Medical malpractice cases in North Carolina are governed by statute.
North Carolina medical malpractice laws govern time limitations, places limits on certain damages while outlining requirements for the evidence required in medical malpractice suits.
Expert Review Required
North Carolina is more restrictive than many states when it comes to medical malpractice cases. Before a malpractice action can be filed against a physician or health care facility, the claimant must employ an expert to review the case. The expert must be familiar with the standard of care for physicians in the area of practice that is the subject of the lawsuit, and must sign a sworn affidavit stating that he/she has reviewed the evidence, and is prepared to testify under oath that the defendant’s level of care fell below the accepted standard. This requirement is meant to weed out frivolous cases, but it does place a bit of a burden on injured people with legitimate complaints.
Standard Of Proof
If a medical malpractice case does go to trial, the testimony of one or more expert witnesses will be necessary in order to prove negligence on the part of the physician or health care facility. The North Carolina medical malpractice statute specifies requirements for expert witnesses in a malpractice cases:
- The expert must be licensed in North Carolina or any other state.
- The expert must have, within the year preceding the trial, devoted a majority oftheir professionaltime to practicing within the same specialty as the defendant or teaching the same specialty in an accredited medical school or clinical research facility.
- If the case involves a specialized procedure, the expert must have practiced or taught ina specialty,which includes the procedure which is the subject of the suit.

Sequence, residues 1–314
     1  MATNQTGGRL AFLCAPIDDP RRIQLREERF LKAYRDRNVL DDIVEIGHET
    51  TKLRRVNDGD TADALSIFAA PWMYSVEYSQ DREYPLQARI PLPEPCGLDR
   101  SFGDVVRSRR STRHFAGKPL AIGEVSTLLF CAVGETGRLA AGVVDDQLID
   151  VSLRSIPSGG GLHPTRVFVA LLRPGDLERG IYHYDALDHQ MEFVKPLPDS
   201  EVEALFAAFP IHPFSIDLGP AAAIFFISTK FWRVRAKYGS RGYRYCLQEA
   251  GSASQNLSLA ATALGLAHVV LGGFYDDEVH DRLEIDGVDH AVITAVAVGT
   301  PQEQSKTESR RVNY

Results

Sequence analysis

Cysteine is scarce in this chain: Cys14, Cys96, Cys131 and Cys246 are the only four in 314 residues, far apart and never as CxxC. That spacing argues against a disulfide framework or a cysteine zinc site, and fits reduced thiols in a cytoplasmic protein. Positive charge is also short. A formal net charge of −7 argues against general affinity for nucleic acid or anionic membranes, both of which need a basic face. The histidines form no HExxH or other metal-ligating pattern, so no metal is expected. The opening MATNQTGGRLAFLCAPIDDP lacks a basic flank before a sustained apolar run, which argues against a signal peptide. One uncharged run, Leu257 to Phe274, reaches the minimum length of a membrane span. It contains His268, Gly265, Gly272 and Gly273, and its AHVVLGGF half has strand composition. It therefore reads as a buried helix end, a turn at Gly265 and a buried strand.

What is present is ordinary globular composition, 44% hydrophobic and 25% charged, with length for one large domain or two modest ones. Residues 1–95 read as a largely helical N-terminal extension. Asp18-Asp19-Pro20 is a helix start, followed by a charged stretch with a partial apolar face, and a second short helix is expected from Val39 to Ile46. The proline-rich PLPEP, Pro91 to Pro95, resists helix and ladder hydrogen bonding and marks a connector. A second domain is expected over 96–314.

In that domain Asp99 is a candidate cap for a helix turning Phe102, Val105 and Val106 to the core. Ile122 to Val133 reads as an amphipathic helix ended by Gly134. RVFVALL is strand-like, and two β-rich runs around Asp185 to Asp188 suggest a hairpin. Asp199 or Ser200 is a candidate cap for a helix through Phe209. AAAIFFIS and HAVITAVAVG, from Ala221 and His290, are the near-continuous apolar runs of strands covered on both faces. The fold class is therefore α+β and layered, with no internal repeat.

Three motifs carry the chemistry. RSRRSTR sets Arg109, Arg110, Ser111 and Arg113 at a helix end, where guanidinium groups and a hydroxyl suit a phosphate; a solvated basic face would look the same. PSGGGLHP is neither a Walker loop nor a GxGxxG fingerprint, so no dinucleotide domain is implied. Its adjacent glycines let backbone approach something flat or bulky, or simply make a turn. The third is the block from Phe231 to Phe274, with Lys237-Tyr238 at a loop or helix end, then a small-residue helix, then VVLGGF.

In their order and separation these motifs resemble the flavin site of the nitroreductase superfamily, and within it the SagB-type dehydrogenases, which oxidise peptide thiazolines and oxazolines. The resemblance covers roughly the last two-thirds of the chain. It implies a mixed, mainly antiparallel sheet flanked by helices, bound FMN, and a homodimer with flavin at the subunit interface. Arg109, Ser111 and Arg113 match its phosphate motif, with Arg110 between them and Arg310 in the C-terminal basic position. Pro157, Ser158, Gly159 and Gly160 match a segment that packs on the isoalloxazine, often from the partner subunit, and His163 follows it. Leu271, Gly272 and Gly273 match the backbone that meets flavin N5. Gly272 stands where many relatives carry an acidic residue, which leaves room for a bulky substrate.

- If the defendant is a general practitioner, the expert must have devoted most of their professional time within the last year to general practice, or teaching general practice in an accredited school or research facility.
- In cases against hospitals or other health care facilities involving administrative or non-clinical issues, the expert witnessmust demonstratethat he/she has substantial knowledge, through experience or training, of the standard of care for similar facilities.
- Expert witnesses may not be paid on a contingency fee basis.
Why You Need A Medical Malpractice Attorney
The strict rules governing medical malpractice cases make it very difficult for a person who has been injured by a physician or health care facility to pursue legal action on their own. Locating qualified expert witnesses is a daunting task for someone unfamiliar with the applicable rules. An experienced medical malpractice attorney will be able to find the right experts for your case, and arrange for the required review and affidavit, which is the necessary first step.
Often, once an expert has reviewed a case and is willing to sign an affidavit, the case can be settled without going to trial. Your attorney will handle settlement negotiations, and if the case ends up going to trial, will locate the necessary expert witnesses and prepare their testimony. Don’t try to take on a medical malpractice case on your own. Call the malpractice experts at 704-326-7243 Campbell & Associates for a free case evaluation.